Mar 12, 2014
Frederic Raphael on ‘The Invention of the Jewish People’
Posted on Feb 19, 2010
The (Jewish) historian Sir Lewis Namier observed that we study history in order to see how things don’t happen. What has happened, however, goes to prove men’s inability to arrive at a stable and just accommodation with each other. Plato’s vision of an Ideal Republic, in which stability would be institutionalized, was an ideological response to what he had seen in the recent Peloponnesian War. Athenian democracy had been crushed by the Spartan oligarchy. Plato’s conclusion was that democracy was inherently fractious and that imitation of the victors’ style was the logical answer. Plato was not inhibited from writing “The Republic” by the fact that his uncle, Critias, had already attempted to impose a Spartan-style oligarchy on Athens and had failed.
It could be argued (and has been) that Critias had acted without due subtlety. Ideologists, of whatever stripe, regularly insist that there is nothing wrong with their blueprint, whatever it is, but that men have failed to honor its provisions and spirit. Renovated Marxists make this claim today: It is not Marxism that failed, but “capitalism,” because it lacked the common humanity to concede the argument and so deprived mankind of the medicine that would be good for it, if only it would swallow the stuff. To change the image, ideologists spend their time trying to straighten what Immanuel Kant called “the crooked timber of humanity” to fit their rectilinear theories. Wishing whole races or classes out of the equation would, many still suppose, balance humanity’s books.
Namier (who died in 1953) was a Jew, and a gentleman Zionist, so to speak, who spent years analyzing in detail the personal interests and structure in political life in England at the time of the accession of King George III. As if, incidentally, this work deconstructed the mythology of the English ruling class and its allegedly patriotic solidarity. Namier’s purpose, in “unpacking” the greeds and vanities of ancient Whigs and Tories, was not overtly polemical or tendentious. Like so many academics, he found an unexcavated field and began to dig. In doing so, he uncovered the various motives of antique gentlemen. His own, he might have said, were the pursuit of truth and the vindication of the specific instance against the pious generalization.
Namier’s Jewishness was manifest in his support for Zionism, but when asked why he did not write about the Jews and their past, he retorted that the Jews did not have a history, but only a “martyrology”: They were the victims of what happened to them during most of the last 2,000 years and thus an unrewarding, depressing topic. One of the strongest claims which Zionism has on Jews today is that, thanks almost entirely to the creation of the state of Israel, Jewish pride has been restored and “the Jews” have a positive history, complete, it seems, with the ingredients which made English history so attractive to Namier: triumph against overwhelming odds, military victories, an energetic culture and economic expansion.
If Israel were a neat island, rather than a sliver of land surrounded on three sides by hostile neighbors and containing a substantial minority of second-class citizens, its future might be secure. As things are, another of Namier’s titles, “Vanished Supremacies,” serves as a warning that how things are does not promise how things will be. It is, to some degree at least, in response to the fear that Israel has contrived its own unreliable isolation and may one day lose the protection of the West, on which it has chosen to rely, that Shlomo Sand, an Israeli historian, has written this book.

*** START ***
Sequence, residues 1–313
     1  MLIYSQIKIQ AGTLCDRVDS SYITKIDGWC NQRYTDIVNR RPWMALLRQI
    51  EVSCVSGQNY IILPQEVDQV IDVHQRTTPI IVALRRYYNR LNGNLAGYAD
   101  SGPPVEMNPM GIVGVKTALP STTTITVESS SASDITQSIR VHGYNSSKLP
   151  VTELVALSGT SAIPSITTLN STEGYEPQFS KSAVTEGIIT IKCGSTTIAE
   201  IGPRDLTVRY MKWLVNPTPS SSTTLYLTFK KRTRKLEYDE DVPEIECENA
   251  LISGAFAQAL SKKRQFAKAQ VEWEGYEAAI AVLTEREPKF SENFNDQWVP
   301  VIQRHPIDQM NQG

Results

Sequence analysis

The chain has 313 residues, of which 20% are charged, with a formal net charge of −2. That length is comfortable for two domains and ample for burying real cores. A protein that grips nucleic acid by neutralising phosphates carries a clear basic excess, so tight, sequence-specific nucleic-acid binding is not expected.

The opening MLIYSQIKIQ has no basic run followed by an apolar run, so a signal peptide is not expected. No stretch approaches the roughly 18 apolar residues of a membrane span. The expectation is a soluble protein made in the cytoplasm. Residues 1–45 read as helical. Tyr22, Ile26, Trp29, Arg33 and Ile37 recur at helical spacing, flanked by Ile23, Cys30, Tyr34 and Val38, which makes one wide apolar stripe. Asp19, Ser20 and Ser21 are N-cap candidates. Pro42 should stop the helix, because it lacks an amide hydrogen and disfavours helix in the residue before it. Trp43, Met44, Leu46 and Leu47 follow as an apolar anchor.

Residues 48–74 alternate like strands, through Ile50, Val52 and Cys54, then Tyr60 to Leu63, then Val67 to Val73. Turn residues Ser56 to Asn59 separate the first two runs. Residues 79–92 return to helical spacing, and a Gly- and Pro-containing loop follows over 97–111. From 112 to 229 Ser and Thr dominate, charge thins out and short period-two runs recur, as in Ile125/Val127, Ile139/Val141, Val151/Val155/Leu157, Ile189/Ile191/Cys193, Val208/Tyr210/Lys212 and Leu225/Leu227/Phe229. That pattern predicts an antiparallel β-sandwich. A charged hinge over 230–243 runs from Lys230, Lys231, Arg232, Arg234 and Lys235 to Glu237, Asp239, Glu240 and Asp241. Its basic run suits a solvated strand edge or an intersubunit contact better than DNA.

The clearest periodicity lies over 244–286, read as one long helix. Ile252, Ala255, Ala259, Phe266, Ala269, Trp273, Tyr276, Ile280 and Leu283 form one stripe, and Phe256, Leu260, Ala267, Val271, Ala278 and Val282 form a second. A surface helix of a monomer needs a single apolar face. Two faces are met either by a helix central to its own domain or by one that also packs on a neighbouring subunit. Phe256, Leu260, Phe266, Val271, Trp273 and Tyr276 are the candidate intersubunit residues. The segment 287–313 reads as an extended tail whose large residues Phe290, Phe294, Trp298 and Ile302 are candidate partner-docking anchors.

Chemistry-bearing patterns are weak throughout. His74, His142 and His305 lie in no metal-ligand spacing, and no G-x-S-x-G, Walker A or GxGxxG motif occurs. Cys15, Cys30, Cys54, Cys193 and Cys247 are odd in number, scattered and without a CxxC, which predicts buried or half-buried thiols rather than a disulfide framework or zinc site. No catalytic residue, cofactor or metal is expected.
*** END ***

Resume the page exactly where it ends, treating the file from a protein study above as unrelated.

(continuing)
The fundamental fallacy on which the Zionist myth depends is, he argues, that the “Jewish people” constitute a body of men (and women) whose origins can, and must, be traced back, as directly as may be, to the population of ancient Israel and Judea. “To promote a homogeneous collective in modern times [required] … a connection in time and space between the fathers and the ‘forefathers’ of all members of the present community. The agents of memory worked hard to invent it . … From this surgically improved past emerged the proud and handsome portrait of the nation.” It can be guessed from the straight-faced sarcasm of his introduction that Sand’s book will, in somewhat Namieresque style, investigate in detail the motives, follies and ambitions of historians, beginning with Heinrich Graetz, in the mid-19th century, who interpreted or refashioned what had happened to “the Jews” in order to validate a preconceived notion of how “the Jewish problem” should, or might, be resolved.
Sand’s text has excited virulent denunciation in some quarters. My lack of expertise in its original Hebrew and in the detailed context of many of Sand’s quotations inhibits me from making any reliable judgment. I can say only that common sense supports much of his narrative and that its content, where I am qualified to assess it, is admirably and candidly presented. It may be that this book comes too late to help men arrive at a sane and rational compromise in the Middle East. Some situations are beyond repair, however much we wish it otherwise. Ideology and religion provide the basic framework of human thought and also supply the often antique racks on which we are all stretched. As Genet observed, “Nous ne sortirons jamais de ce bordel”—i.e., there is, to put it chastely, no way out of this mess.
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